Why a Supreme Court case over a single frog could jeopardize wildlife for years to come

Mark Rupp

Dusky gopher frog


  • The first case of the Supreme Court’s new term could set a dangerous precedent for how we protect habitat that species may depend on in the future.
  • The Weyerhaeuser v. U.S. Fish and Wildlife Service case comes as wildlife ranges and behaviors are beginning to shift amid climate change, with both real and perceived conflicts occurring between species’ needs and landowners’ interests.

A lot more than an endangered frog was at stake Monday when the Supreme Court heard Weyerhaeuser v. U.S. Fish and Wildlife Service, the first case of the court’s new term. The court’s decision could set a precedent for how America protects critical habitat for years to come.

The case goes back to 2014, when the timber giant sued the federal government after it designated a 1,544-acre parcel of land the company owns and leases in Louisiana as critical habitat for the endangered dusky gopher frog.

The question at the center of the case is whether federal agencies can require private landowners to protect habitat for a species that no longer exists on their property – but historically did and may again in the future.

Should the justices rule in favor of Weyerhaeuser and its co-petitioners, it could have ramifications for critical habitat designations going forward, and at a most critical time. Wildlife ranges and behaviors are beginning to shift as our climate changes, which means habitat boundaries are becoming more fluid.

It’s also why this case is being watched so closely by landowners, industry and conservationists.

Only 135 frogs left 

The dusky gopher frog used to live across Louisiana, Mississippi and Alabama. When the frog was added to the endangered species list in 2001, all known members of the species were concentrated in a single pond in Mississippi. The Fish and Wildlife Service estimated in 2015 there were as few as 135 frogs left.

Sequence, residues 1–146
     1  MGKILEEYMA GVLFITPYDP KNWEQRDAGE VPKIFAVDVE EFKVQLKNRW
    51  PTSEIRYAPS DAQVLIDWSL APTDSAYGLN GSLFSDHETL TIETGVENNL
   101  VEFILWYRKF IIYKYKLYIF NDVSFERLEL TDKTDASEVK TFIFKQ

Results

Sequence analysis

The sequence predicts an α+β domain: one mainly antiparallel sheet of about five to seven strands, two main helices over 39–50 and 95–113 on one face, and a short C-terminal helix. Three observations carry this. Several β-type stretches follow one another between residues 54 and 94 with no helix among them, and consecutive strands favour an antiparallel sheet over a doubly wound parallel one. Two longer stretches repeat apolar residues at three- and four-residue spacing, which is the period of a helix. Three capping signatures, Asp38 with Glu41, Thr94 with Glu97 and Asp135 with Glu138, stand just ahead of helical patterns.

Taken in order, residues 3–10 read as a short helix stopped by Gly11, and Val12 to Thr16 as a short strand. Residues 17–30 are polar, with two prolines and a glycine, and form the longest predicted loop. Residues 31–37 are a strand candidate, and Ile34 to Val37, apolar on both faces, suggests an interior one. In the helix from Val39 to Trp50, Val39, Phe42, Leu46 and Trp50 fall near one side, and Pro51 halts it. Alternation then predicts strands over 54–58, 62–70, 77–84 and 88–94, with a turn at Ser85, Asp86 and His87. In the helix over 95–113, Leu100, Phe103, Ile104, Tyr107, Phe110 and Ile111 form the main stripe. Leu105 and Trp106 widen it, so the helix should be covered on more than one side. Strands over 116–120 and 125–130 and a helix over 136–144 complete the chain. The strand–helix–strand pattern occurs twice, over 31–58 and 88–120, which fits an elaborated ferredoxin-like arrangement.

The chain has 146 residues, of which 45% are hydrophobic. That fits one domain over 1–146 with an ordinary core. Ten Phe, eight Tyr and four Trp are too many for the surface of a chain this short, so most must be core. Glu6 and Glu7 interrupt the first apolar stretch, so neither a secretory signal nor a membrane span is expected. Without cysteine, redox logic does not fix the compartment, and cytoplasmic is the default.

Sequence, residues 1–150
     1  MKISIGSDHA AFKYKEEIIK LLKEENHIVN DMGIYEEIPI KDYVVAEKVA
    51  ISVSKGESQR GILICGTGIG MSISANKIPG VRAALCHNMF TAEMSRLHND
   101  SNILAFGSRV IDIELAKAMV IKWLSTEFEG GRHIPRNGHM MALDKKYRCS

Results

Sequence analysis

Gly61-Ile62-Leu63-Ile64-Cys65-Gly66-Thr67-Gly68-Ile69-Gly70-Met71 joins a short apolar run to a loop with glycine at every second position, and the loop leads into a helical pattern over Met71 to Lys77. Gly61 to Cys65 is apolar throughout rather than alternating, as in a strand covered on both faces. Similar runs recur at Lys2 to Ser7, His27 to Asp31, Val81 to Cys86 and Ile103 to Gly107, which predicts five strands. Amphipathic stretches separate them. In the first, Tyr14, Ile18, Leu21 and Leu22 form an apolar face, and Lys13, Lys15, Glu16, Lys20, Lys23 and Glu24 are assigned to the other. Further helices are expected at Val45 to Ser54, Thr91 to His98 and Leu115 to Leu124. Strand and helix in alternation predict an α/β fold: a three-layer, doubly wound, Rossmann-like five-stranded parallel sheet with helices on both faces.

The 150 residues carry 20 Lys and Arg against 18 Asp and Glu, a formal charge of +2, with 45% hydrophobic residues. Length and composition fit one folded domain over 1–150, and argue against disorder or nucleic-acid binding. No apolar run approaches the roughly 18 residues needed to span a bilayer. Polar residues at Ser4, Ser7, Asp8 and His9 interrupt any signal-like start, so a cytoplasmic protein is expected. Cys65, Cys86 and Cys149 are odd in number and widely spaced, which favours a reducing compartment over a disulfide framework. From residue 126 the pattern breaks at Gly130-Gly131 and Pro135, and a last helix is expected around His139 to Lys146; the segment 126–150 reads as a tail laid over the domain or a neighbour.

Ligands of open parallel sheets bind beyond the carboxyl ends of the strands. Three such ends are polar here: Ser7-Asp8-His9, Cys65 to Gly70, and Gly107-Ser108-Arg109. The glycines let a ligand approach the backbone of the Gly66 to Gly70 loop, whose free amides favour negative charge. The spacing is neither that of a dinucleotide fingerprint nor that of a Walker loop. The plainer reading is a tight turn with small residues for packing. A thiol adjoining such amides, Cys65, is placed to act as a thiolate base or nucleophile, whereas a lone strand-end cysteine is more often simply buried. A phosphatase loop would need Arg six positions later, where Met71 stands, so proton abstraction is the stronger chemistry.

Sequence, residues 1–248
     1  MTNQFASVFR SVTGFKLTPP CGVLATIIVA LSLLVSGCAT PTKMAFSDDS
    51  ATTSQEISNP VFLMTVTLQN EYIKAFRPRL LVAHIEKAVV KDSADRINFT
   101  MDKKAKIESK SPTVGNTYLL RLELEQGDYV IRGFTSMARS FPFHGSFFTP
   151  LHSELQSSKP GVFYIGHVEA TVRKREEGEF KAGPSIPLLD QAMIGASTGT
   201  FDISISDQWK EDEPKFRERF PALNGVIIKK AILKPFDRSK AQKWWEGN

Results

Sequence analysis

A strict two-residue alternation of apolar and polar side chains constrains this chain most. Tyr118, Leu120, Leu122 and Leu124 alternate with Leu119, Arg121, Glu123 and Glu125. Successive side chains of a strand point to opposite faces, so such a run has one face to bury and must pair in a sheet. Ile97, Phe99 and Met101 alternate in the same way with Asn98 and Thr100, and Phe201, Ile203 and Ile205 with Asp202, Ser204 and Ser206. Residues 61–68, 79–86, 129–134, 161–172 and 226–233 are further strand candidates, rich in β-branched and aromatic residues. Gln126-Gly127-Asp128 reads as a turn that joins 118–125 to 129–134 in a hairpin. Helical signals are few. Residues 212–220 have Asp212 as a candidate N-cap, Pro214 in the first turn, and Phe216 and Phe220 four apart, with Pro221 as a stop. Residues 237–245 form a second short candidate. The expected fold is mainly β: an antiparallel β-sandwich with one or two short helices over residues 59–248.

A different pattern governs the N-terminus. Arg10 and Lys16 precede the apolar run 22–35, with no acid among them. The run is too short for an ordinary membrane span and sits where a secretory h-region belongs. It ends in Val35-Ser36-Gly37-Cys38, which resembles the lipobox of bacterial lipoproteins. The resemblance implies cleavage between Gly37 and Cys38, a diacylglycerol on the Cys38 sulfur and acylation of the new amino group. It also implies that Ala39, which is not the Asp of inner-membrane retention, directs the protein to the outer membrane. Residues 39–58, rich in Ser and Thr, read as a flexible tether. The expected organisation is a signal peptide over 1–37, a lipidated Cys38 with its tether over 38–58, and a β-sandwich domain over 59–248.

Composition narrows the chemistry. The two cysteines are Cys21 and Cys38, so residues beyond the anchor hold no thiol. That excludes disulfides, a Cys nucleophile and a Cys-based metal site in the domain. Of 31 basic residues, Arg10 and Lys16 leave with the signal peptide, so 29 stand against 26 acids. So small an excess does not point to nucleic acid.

The geographic isolation makes the species more vulnerable to threats such as disease, low genetic variability, weather and climate disturbances. The only way to address such challenges is to expand available habitat by identifying and protecting areas to which these species could seek refuge.

That was the case in this instance when the government identified and designated “Unit 1” in St. Tammany Parish near New Orleans as unoccupied critical habitat.

Indeed, the Fish and Wildlife Service is required to consider how species will adapt to climate change when determining what’s essential for conservation. Making unoccupied habitat available can be a critical and doable solution, especially when landowners are provided incentives for improving wildlife habitat on their property.

The justices’ ruling will have impacts not just for the frog, but for countless other species that will increasingly look to unoccupied habitat for survival.

Policy can address economic loss, other burdens

Weyerhaeuser and the other landowners who joined the lawsuit say the critical habitat designation could cost them up to $34 million in lost value. The federal government estimated economic impacts that ranged from zero to $34 million, depending on how the land was eventually developed.

Such economic burdens, some of which are real and some that may be perceived, can be addressed through policy solutions that spread economic impacts more equitably.

Such solutions already exist to reduce burdens on landowners. Weyerhaeuser itself has entered into Safe Harbor agreements for the spotted owl and red-cockaded woodpecker, supporting species recovery while reducing future regulatory requirements.

Thoughtful assessment of the real burdens of conservation – free from hyperbole and political machinations – is the first step toward reducing conflict around critical habitat. Whether we’ll achieve that could hinge on the precedent the Supreme Court sets over a single endangered frog.

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